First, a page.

Centuries of Noon by Andrew Zarou
Robert Henry Contemporary will inaugurate its new home at 56 Bogart St., Bushwick, Brooklyn with an exhibition of drawings, collages and sculptures, titled, Centuries of Noon, by Brooklyn based artist Andrew Zarou.
With a predilection for both the homogeneity of pattern and the heterogeneity of change Andrew Zarou builds two and three dimensional compositions from found papers, such as graph paper, magazines, technical manuals, etc., plastic, metal, spray-painted paper, wire and wood. This exhibition will feature 30 new pieces from three bodies of work: a series of collages called Flotilla, a series of drawings titled Meditational Flaws and a series of small sculptures known as Mirror Canons.
Spray-painted and found printed papers cut into diamonds and triangles make up the seemingly random compositions of the Flotilla series. As the name suggests, the arrangements of shapes and colors looks like a flotilla of ships on the sea as seen from above. A flotilla is usually composed of a homogeneous group of the same class of warship. However, in Zarou's compositions these ships aren't necessarily moving in the same direction. These meticulously composed collages take similar shapes and turn, flip and arrange them in contrasting directions to reach a coherent Gestalt. So, by balancing contrasts of shape, direction and color Zarou creates a stasis out of chaos.
Zarou's Meditational Flaws, spray-painted paper and pencil on paper, began as an avenue back to the studio. The immediacy of drawing allowed him to stream-line form and ideas. Beginning with spray-paint, which adds a layer of chaos and variation, Andrew builds zig-zagging patterns of lines, some heavier and wider than others, that intersect at various angles creating a depth of space that results in the suggestion of an architectural or build form. Also, maybe ironically, they look as if they could be a map of where the diamonds and triangles have been or will go in the Flotilla series. Lacking the cut edges of Flotilla, this series is more free and the artist's hand is obvious in the quality of line on the page.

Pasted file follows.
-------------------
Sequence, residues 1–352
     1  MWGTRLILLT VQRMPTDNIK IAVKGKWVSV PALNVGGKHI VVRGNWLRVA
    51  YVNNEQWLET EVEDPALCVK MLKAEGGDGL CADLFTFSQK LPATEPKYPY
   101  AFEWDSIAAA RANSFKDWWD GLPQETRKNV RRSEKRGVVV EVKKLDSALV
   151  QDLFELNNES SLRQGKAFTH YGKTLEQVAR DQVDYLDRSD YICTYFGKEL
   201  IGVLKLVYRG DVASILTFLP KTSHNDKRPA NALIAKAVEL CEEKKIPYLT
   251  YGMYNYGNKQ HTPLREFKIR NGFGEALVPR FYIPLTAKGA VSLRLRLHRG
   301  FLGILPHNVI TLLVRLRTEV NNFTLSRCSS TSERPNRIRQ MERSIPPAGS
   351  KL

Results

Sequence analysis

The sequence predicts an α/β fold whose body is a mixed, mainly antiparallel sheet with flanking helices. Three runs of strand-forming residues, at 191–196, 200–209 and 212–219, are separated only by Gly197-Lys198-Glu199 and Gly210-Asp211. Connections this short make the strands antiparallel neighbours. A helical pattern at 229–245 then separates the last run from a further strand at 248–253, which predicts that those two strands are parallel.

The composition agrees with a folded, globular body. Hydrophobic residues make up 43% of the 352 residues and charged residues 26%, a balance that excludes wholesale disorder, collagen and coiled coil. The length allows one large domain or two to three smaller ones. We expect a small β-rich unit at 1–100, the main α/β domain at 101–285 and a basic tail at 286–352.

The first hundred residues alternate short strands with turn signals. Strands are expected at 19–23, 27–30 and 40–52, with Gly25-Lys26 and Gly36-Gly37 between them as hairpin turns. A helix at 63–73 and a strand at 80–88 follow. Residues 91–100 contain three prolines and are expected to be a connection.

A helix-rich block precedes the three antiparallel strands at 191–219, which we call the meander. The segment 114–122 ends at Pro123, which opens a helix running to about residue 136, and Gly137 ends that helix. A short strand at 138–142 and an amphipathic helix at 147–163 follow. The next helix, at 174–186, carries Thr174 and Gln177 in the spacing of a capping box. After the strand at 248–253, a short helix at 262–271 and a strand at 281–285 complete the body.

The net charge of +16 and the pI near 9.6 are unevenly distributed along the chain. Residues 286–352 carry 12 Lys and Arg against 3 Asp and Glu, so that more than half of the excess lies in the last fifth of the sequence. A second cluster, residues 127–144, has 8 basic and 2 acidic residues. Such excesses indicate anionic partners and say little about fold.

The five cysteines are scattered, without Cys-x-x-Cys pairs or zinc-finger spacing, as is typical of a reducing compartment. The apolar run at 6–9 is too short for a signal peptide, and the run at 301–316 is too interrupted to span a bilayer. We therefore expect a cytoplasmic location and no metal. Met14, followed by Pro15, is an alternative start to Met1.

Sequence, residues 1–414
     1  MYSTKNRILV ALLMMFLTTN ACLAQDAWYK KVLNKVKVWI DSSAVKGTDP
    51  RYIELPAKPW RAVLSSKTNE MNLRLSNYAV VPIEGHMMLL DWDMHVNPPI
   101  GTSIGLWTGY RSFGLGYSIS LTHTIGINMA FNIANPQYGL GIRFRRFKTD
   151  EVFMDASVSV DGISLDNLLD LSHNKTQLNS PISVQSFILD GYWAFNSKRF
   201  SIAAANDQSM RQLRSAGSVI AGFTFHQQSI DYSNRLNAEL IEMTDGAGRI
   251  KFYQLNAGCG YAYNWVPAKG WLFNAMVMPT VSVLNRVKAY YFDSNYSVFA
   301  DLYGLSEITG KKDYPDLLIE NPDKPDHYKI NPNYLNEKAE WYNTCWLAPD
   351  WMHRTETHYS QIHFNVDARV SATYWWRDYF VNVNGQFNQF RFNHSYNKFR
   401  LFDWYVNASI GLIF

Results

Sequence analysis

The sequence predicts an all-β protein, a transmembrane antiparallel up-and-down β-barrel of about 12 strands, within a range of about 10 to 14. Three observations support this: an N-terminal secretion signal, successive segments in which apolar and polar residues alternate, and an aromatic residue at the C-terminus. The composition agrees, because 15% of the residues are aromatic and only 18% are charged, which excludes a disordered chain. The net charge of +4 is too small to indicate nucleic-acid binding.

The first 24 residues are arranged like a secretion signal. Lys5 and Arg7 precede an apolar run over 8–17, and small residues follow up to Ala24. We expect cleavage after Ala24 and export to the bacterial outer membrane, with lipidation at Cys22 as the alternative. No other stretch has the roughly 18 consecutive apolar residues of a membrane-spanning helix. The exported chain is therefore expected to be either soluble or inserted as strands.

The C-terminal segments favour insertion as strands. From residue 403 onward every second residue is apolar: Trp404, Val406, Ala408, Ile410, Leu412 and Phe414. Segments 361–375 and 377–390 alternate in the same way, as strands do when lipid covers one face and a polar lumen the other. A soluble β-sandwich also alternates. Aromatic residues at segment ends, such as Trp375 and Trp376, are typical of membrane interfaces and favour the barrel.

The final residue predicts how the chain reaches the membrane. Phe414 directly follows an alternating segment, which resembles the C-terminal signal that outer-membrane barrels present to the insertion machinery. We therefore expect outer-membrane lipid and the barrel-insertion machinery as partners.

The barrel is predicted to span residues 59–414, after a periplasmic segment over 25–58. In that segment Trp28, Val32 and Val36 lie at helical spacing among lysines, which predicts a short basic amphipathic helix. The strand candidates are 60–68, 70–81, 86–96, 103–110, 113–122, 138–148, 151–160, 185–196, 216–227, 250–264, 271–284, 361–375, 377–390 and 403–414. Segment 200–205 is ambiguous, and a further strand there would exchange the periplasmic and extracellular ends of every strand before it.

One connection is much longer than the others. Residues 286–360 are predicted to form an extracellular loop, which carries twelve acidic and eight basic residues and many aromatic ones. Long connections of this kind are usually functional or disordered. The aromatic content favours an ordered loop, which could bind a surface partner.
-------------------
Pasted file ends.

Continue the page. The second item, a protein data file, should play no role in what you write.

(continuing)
The title for Andrew's series of small sculptures, Mirror Canon, wood, plastic, paint and copper wire, comes from music theory. A mirror canon is a melody played along side its inversion. Like the Meditational Flaws, the space in these three dimensional pieces shifts and changes and allows for simultaneous chaos and order depending on the viewer's point of view. The space at certain angles does in fact seem mirrored, "I like the notion of mirroring where one's equilibrium or center of balance is thrown off" says Zarou. As the title implies, this series suggests that order and chaos exist simultaneously and Zarou manipulates this duality to reach a balanced asymmetry.
In various ways and in different visual forms and physical media Andrew Zarou's work in this exhibition is about duality. The simultaneous existence of sameness and difference is a tool which the artist uses to explore an instinctual desire for structure and control. His work is the visual manifestation of this metaphysical exploration.
Andrew has exhibited institutions and galleries nationally including, the Brooklyn Public Library (2008), P.S. 1 Contemporary Art Center in Queens, NY (1999). He was an artist in residence at The Association of Icelandic Visual Artists in Reykjavik, Iceland (2008) and at the Atlantic Center for the Arts in New Smyrna Beach, Florida (2009) and in 2008 received a grant from the Joan Mitchell Foundation. He received his BA in studio art from Hampshire College in Amherst, MA in 1994 and maintains his studio in Brooklyn, NY.